Minnesota man, ‘Son of Russia,’ indicted for espionage

Peter Debbins was born and raised in Minnesota, but according to an unsealed federal indictment, the former Green Beret has been talking to Russian intelligence agents for 20 years, had a secret code name, and considered himself a "son of Russia."

Debbins, 45, was arrested Friday in Gainsville, Virginia, and is charged with espionage.

Debbins was born in Minnesota and graduated from the University of Minnesota in 1997 with a degree in International Relations.

His mother was born in the former Soviet Union. Debbins first visited Russia in 1994 when he was 19, lived in Russia for three years in the late 1990s and married a Russian woman.

Debbins served in the U.S. Army from 1998 until 2005 and served in the U.S. Army Special Forces. He had a ‘top secret’ security clearance.

The unsealed Grand Jury indictment reads like an epic spy thriller.

Prosecutors say Debbins was first approached by Russian agents in 1996.  He allegedly told them he was a “son of Russia,” and said America needed to be “cut down to size.”

According to the indictment, Debbins even signed a statement saying he wanted to “serve Russia.”  His handlers gave him a code name, ‘Ikar Lesnikov,’ and flattered him with a Russian military uniform.

Debbins was so amenable, the indictment says, that at one point the Russians wondered if he was “actually a spy for a U.S. intelligence agency."

The FBI says Debbins provided Russian intelligence officers with the names of U.S. service members as potential recruitment targets and reveal sensitive information about the chemical and Special Forces units Debbins served under.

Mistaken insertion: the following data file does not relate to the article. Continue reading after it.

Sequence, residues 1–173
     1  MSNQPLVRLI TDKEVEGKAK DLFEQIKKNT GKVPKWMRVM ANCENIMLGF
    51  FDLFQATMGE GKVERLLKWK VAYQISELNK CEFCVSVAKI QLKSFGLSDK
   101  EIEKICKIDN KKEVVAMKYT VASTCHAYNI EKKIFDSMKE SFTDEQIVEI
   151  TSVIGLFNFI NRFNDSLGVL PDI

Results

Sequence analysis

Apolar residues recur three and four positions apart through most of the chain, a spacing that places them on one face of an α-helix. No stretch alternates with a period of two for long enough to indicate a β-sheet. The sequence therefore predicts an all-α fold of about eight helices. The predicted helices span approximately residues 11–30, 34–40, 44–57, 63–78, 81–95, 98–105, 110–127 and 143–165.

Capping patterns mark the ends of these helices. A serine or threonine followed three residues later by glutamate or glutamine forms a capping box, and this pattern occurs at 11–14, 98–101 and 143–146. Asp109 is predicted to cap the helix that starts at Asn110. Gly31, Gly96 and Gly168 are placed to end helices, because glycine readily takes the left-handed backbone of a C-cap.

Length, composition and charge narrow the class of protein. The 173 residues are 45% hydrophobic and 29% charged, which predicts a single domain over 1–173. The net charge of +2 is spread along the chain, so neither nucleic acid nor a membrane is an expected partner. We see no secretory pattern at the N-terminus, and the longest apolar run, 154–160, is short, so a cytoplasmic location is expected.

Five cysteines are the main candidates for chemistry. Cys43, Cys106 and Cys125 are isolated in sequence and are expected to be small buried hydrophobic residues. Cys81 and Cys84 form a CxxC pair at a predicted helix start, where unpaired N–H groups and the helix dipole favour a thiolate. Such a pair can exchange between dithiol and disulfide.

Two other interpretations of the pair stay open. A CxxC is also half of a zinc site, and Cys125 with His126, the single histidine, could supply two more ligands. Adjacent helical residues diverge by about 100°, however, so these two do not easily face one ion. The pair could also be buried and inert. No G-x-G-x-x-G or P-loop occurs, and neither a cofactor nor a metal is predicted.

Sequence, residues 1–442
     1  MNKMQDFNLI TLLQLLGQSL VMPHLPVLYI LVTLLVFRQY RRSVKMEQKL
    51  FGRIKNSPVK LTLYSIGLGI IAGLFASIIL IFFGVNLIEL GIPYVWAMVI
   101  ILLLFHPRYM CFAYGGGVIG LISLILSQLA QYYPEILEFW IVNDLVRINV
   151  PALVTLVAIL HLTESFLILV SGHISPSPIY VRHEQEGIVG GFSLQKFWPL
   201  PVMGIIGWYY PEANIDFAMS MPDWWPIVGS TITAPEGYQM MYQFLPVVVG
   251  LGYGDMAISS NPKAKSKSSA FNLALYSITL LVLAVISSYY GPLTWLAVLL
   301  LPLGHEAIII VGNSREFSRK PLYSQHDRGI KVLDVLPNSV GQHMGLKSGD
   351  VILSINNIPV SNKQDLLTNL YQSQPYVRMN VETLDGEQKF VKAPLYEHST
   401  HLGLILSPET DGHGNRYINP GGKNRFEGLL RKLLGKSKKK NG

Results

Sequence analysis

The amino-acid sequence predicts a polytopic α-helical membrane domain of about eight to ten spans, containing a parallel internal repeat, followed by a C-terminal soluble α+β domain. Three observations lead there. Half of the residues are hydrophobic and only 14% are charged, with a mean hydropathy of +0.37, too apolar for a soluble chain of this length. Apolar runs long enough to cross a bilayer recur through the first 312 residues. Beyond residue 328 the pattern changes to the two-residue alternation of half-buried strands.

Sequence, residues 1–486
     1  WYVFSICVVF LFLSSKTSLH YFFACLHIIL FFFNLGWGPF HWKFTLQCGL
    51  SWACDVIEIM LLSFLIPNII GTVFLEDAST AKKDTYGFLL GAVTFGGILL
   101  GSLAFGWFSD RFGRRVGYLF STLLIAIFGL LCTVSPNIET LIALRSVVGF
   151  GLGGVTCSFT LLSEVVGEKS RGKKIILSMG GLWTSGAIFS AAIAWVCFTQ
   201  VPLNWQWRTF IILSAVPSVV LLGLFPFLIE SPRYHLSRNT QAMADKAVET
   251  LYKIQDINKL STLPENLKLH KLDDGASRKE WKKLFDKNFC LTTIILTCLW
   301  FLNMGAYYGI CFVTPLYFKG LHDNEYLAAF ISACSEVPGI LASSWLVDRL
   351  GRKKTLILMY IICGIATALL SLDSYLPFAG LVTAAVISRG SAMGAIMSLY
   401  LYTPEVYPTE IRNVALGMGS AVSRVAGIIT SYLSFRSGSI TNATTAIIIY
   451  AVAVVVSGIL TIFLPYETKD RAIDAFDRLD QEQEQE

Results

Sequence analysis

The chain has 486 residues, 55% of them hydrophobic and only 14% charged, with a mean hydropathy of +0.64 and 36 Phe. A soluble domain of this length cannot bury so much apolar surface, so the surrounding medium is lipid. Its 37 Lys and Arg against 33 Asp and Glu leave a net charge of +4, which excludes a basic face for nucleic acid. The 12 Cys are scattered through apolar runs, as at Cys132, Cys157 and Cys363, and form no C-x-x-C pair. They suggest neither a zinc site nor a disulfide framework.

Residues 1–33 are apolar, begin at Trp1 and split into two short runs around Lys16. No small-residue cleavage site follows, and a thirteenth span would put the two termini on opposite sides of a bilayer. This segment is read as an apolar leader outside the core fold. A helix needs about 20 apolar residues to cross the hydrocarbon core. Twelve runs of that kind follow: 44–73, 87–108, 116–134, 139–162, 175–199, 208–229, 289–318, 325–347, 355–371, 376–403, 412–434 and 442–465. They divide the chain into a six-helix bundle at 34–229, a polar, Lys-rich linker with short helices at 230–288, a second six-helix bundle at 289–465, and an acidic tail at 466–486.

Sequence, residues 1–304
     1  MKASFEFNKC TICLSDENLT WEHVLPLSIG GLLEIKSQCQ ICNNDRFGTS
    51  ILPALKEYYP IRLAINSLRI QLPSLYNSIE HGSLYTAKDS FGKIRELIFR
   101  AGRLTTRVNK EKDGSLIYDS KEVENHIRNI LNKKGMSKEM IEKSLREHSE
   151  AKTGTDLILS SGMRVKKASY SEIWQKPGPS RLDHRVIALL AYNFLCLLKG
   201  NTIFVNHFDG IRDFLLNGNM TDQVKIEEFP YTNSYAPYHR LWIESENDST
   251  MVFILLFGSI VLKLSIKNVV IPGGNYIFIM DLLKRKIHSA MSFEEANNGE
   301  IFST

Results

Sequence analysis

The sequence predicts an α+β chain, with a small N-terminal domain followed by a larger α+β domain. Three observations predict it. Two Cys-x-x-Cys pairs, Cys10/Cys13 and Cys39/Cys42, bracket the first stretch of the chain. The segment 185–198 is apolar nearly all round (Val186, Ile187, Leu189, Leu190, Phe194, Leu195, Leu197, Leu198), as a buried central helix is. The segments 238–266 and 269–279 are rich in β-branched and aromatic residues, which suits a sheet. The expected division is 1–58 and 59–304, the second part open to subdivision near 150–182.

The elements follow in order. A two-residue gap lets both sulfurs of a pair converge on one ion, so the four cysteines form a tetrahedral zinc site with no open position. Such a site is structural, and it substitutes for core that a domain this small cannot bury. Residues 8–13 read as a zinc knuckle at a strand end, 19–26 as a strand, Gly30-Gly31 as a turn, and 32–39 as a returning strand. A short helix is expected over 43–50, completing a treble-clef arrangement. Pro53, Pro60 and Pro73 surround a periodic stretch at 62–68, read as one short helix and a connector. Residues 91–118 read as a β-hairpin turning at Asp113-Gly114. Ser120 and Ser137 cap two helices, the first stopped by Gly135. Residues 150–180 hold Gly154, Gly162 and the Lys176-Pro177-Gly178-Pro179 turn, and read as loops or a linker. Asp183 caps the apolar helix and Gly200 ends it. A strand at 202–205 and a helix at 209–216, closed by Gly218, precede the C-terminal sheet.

“The facts alleged in this case are a shocking betrayal by a former Army officer of his fellow soldiers and his country,” said Alan E. Kohler, FBI Assistant Director of Counterintelligence.

According to the indictment, in 2010 Debbins was prepared to deliver a U.S. military field manual on a thumb drive.  But he never delivered the manual because he said U.S. Homeland Security might catch him.

It is unclear from the indictment how the U.S. learned this information, or whether Debbins delivered any classified or secret documents to the Russians.  His last reported contact with Russian agents was in 2011.

Prosecutors say Debbins never reported his contacts with Russian intelligence, despite repeated opportunities and warnings that he could be a target for recruitment.

Debbins is charged with conspiracy to gather or deliver defense information to aid a foreign government.

By 2010, Debbins allegedly told the Russians he wanted to make money and needed access to the Russian market.  But his Russian handlers wanted him to get a position inside the U.S. government.

According to Debbins’ Linked-In page he has spent the last decade working as a consultant, instructor, and lecturer on all things Russian.

Most recently he has fashioned himself as an expert in cyber security.

In lectures he has explored Russian expansionistic psychology, and has said, “Russia sees itself as a Messianic nation.”

During one of his early visits to Russia, Debbins married a Russian woman he met in Chelyabinsk, a city with a Russian air force base.  His father-in-law was an officer in the Russian military.

Debbins’ wife became a naturalized U.S. citizen in 2010.

After his honorable discharge from the U.S. Army, Debbins lived in Minnesota from 2005 to 2010.  He worked for a Ukranian steel manufacturer and a transportation company, the charges said.

During a podcast interview three years ago, Debbins said he was initially interested in Russia because of his heritage.

“My mother was Russian, and during World War II, they were slave laborers in a camp in Germany,” Debbins told the host.

“So, when I was growing up as a kid, I got fed lots of stories that made me very interested in this topic,” said Debbins.